In Northwest Alabama there is growing interest in the prospect of new jobs tied to the Second Atomic Age. According to an article titled Nuclear future published on November 6, 2006, there is the potential for 90,000 new jobs associated with building new reactors during the period from 2007-2011. The source of that estimate, according to the article, is Dale Klein, the current director of the US Nuclear Regulatory Commission.
The article spends several paragraphs listing potential projects that will be located in areas close enough to the readership of the newspaper to be interesting to them, including TVA and Southern Company projects. After plenty of encouraging information, the author of the article then performs his journalistic duty and adds “balance” to the information by quoting Edwin Lyman of the Union of Concerned Scientists (UCS) a man and a group that are well known for their opposition to nuclear power developments.
In general, I liked the overall tone of the article and decided to encourage the author to write more about the topic. Here is a copy of my letter to him.
November 7, 2006
Dear Mr. Sherer
I enjoyed reading your November 6 article titled “Nuclear Future”. I liked the way that you led with the opportunities that might be enabled by a new nuclear plant building cycle and placed the requisite journalistic “balancing” comments by Edwin Lyman near the bottom of the article.
Mr. Lyman is doing the equivalent of covering his eyes and ears and then saying he does not sense that there is a new nuclear power plant building boom coming in the near future.
I have been attending nuclear industry gatherings for a number of years; the enthusiasm that has been developing during the past 5 years is real and tangible. Companies are making strategic investments, building their work forces, renewing nearly forgotten skills, and laying the groundwork for site permit applications. There are already two designs that have received design certification by the NRC and there are three more that are in various stages of review. Worldwide, there are dozens of new designs that are being developed and marketed, some of those right here in the US.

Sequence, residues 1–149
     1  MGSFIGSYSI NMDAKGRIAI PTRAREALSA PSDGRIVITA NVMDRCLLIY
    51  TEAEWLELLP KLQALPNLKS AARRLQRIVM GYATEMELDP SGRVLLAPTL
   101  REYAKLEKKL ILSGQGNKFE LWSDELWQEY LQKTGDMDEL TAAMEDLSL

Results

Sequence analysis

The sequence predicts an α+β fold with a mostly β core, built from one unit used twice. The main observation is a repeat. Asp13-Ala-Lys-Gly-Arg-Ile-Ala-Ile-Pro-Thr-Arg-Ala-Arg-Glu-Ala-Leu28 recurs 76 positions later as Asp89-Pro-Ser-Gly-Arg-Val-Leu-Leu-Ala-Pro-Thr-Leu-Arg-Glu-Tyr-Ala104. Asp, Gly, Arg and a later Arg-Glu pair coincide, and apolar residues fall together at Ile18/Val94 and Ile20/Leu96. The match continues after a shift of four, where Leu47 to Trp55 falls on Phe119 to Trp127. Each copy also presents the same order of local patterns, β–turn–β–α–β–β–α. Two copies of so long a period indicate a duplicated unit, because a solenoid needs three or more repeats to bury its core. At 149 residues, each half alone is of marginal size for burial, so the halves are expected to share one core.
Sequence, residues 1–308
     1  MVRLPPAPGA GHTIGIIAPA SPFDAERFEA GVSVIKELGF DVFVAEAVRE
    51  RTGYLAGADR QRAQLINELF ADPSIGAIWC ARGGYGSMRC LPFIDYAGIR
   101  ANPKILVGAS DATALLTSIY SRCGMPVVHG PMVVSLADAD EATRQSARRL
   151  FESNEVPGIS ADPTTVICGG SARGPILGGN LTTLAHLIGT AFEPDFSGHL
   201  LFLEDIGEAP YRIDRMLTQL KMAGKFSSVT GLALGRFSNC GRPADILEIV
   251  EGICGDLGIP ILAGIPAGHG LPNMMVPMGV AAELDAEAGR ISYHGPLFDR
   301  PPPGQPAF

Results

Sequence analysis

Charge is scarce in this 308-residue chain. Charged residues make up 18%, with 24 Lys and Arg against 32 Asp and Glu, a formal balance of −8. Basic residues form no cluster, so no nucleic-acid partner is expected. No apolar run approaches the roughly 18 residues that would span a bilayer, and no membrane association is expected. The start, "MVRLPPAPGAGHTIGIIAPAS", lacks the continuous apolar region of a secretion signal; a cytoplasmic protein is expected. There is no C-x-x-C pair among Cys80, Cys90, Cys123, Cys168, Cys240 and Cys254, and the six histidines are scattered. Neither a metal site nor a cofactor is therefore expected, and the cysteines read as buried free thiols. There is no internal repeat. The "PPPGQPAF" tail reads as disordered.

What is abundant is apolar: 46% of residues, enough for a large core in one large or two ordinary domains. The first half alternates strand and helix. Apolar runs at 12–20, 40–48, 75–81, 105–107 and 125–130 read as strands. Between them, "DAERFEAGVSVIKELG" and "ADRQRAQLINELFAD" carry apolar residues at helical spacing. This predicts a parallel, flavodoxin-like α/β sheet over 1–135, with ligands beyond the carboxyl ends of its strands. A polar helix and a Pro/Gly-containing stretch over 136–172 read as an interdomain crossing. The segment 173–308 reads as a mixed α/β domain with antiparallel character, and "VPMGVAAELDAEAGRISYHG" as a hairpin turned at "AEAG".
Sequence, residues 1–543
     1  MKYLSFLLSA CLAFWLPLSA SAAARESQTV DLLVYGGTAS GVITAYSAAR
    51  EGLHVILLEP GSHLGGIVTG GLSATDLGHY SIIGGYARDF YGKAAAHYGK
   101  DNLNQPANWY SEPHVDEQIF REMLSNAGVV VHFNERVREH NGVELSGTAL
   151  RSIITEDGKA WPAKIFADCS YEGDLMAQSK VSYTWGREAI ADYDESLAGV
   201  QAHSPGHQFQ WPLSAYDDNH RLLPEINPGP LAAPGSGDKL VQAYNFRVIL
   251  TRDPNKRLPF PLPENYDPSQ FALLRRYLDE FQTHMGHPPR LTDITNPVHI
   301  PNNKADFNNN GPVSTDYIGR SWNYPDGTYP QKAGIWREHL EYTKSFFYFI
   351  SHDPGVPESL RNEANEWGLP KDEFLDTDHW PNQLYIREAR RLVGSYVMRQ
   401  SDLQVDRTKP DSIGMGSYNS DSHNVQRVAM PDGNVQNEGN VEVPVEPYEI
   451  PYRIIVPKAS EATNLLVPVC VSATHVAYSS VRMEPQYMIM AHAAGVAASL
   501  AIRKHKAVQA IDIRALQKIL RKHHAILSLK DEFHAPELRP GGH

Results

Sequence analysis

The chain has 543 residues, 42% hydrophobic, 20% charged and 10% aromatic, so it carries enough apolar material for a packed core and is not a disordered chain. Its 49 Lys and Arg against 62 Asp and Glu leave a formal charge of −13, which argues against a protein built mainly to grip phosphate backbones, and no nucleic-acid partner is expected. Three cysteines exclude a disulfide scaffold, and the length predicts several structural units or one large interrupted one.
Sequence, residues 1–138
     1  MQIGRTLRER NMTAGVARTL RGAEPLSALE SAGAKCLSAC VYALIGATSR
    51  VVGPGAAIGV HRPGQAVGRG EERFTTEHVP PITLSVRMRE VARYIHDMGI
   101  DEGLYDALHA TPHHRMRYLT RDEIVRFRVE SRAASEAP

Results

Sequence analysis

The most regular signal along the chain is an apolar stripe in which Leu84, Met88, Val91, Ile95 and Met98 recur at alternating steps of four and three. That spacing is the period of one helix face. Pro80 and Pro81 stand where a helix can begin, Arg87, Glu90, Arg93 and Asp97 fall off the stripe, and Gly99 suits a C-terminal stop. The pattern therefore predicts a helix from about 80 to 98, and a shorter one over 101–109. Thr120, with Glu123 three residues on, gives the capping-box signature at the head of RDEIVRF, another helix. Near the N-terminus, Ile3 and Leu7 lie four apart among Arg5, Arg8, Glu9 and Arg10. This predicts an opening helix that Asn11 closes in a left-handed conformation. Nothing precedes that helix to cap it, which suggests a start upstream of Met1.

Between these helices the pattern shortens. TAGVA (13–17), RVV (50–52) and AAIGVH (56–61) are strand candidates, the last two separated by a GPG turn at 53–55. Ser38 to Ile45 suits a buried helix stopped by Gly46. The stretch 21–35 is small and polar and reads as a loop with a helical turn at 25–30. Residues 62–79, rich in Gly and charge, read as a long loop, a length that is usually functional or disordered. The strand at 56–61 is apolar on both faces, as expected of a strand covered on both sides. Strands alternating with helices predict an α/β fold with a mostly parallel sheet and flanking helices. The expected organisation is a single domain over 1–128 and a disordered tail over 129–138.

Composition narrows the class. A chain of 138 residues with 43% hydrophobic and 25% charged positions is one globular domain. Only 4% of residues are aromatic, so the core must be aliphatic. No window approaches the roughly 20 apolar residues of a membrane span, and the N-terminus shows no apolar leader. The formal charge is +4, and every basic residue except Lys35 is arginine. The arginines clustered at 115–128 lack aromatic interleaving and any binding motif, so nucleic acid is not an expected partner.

The International Energy Agency is going to release a report tomorrow favoring nuclear power as part of a greenhouse gas mitigation strategy; the UK government has already released a similar report.
A number of pressures are coming together at the same time that all favor new nuclear power development including rising fossil fuel prices, increasing concerns about air pollution, rising energy demand in enormous countries like China and India, continued excellent performance of existing nuclear plants, and a recognition that there is still huge space for continued improvements in the technology. After all, humans have only known about fission for about 70 years; we have known about combustion, wind and solar energy for thousands of years.
You are right to encourage people from your local area to get excited about the jobs prospects. We will need all of the skilled workers that we can find that are willing to work carefully, follow procedures, and invest in developing new skills as the technology evolves.
Keep up the good work in sharing information with your readers. I encourage you keep the views of naysayers like the Union of Concerned Scientists in perspective. That organization has depended on opposition to nuclear power to support their fundraising efforts for many years – there are plenty of competitors of nuclear technology that quietly, but generously support their anti-nuclear propaganda.
Editor, Atomic Insights
I encourage you to also correspond with writers that seem to “get it” with regard to what is, and should be happening in the nuclear industry. We are definitely living in exciting times and need all of the help we can get to share what we know about the technology and the opportunities.